Well, Paul can't get much further North in Devon and We can't get much further South. Paul asked on Twitter during DevonHour, a weekly spot where Devonian Twits get together and tweet the bejasus out of a #hashtag (don't ask, either you know or you don't) if anyone would like to write a guest post for his blog. I volunteered.
Do they know that the huge area around Slapton Sands was evacuated in the second World War to provide a training ground for our US allies, or anything about the enormous training disasterExercise Tiger, some of which happened on the beach at Slapton, some of which in Lyme Bay, and which was the single largest disaster in loss of life of the war, a mixture of bureaucratic incompetence, friendly fire and enemy action?
Honestly, we'd love to tell them that and have them explore. There are folk who are pretty much the last generation directly affected by that war, and they need more stories to pass on to their kids and grandkids.
We also would dearly love more younger folk. It's term time still and the 'happily child free' are with us at present, but this really is a town for the kids, too. It isn't a bucket and spade holiday town, it's a town to do stuff, visit castles. We have, well, at least three! We even have a Palmerston Fort. Dartmouth was invaded by the Brittany French, but we repulsed them. Find that in your history books. They were sent packing at Blackpool Sands.
There's stuff to find out about pirates. Politely we call them 'privateers', but we had 'em. The tugs for the Lower Ferry are named after one of them. We were also involved in the Triangular Trade, but not the one with slaves. Hmm, where to find out about that. Ah yes, the museum! And how about those Pilgrim Fathers, the Mayflower and Speedwell lot? Left from Plymouth, did they? Have a look in Bayards Cove and see how correct that is. Come to that they didn;t arrive in Plymouth on the other side either. They anchored of Provincetown on Cape Cod. The wonderful irony is that Provincetown is now a major gay resort!. As my US friends say, “Go figure!” I keep apologising for the Mayflower lot. I keep explaining that the boat was meant to sink, but that's a whole other story!
How was Dartmouth defended from invasion from the sea over the years? It wasn't the big guns of the Brownstone Battery, they had a different job. What to know what? Easy, take a walk on the South West Coast Path, and visit it and find out. Chat toCoastwatch volunteers there, at Inner Froward Point. I volunteer for them can can spin quite a yarn if I'm there when you drop in.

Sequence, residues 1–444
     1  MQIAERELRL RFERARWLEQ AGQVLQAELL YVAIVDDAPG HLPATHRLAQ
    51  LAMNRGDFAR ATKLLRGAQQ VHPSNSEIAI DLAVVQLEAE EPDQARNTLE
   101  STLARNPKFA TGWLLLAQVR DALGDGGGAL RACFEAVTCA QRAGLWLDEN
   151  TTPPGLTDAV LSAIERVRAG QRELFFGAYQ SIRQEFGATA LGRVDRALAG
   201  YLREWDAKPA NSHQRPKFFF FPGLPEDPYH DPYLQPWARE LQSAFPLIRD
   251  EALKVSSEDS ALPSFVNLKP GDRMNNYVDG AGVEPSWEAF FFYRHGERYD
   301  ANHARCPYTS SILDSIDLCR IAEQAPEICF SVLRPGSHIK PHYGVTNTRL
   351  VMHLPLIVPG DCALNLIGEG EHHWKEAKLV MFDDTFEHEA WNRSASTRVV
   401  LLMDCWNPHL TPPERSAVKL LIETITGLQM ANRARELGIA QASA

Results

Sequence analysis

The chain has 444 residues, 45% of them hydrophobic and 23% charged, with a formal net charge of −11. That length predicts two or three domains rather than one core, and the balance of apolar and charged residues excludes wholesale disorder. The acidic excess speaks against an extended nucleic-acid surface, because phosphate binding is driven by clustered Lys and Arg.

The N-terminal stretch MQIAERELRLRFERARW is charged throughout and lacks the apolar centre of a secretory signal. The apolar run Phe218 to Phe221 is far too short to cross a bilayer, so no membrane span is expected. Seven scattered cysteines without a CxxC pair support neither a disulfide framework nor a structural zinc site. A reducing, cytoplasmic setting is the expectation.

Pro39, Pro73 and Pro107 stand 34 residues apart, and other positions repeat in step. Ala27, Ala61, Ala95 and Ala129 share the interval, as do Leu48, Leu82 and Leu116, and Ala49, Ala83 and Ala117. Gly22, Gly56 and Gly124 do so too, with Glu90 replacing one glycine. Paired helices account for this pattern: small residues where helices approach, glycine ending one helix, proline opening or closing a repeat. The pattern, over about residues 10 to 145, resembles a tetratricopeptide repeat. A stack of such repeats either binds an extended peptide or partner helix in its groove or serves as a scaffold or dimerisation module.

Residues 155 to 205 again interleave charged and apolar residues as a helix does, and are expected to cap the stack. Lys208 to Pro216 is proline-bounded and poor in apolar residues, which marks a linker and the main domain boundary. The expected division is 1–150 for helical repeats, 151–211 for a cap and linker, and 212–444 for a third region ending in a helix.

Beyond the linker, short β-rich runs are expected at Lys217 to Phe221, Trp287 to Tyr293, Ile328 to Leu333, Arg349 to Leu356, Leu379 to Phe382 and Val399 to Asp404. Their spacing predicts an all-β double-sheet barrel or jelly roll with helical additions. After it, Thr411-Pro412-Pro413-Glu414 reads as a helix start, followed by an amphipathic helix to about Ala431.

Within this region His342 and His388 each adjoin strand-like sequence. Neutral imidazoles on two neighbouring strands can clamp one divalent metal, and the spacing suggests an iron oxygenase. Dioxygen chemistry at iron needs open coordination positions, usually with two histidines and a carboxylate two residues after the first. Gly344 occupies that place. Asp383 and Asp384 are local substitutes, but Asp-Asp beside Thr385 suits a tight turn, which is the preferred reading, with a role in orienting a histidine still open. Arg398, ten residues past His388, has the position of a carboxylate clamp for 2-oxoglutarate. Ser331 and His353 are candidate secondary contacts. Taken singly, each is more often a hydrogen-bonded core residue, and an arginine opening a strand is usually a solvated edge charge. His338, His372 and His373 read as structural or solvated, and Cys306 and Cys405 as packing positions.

Did you know that Dartmouth was on the Front Line in WW2? Have you ever knowingly been to a front line town? Looking at the peace and quiet today you;d never realise the vast invasion forces assembled here. It was bombed, too. The bombing almost ruined the unique plaster ceiling of the Tree of Jesse, something you can see by appointment with the museum, but it was recovered, all bit one bit.
You see it ain't just the stuff you expect. Dartmouth isn't just one of the most beautiful little towns on the face of the earth. It has a military history, a social history and a whole industrial history I haven't even touched on! Have I even scratched the surface? Seriously, I have no idea. I know there were slums, social deprivation, a jail whose last tenant was a friend's grandfather, stocks, shambles (meat market), a mill, limekilns, one of which claimed the life of a young lad who fell asleep at the top and rolled in to be incinerated, poor kid. There's a powerful river that claims two lives a year, and we have the Navy training baby officers in and around the harbour.
And that's without even thinking of listing eateries, drinkeries, our wonderful local theatre and social centre, glorious and quirky shops, the best cream teas in Devon and so much else.
I bet you just thought we were good for crabbing on the quayside!
We are. But we're a whole lot more, too.
So tell me, did anything catch your eye?
Tim Trent runs a private skippered charter boat, Alucia, in Dartmouth, Devon, and wishes he'd been born and raised in Dartmouth, but has to confess that he is an incomer who adores the place.